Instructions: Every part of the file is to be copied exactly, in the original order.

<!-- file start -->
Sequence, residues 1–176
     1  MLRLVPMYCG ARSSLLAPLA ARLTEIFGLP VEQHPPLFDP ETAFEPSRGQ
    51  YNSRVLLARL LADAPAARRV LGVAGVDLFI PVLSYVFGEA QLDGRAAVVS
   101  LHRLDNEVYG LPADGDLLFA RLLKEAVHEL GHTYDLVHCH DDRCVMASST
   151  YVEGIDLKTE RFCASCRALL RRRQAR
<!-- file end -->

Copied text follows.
Sequence, residues 1–176
     1  MLRLVPMYCG ARSSLLAPLA ARLTEIFGLP VEQHPPLFDP ETAFEPSRGQ
    51  YNSRVLLARL LADAPAARRV LGVAGVDLFI PVLSYVFGEA QLDGRAAVVS
   101  LHRLDNEVYG LPADGDLLFA RLLKEAVHEL GHTYDLVHCH DDRCVMASST
   151  YVEGIDLKTE RFCASCRALL RRRQAR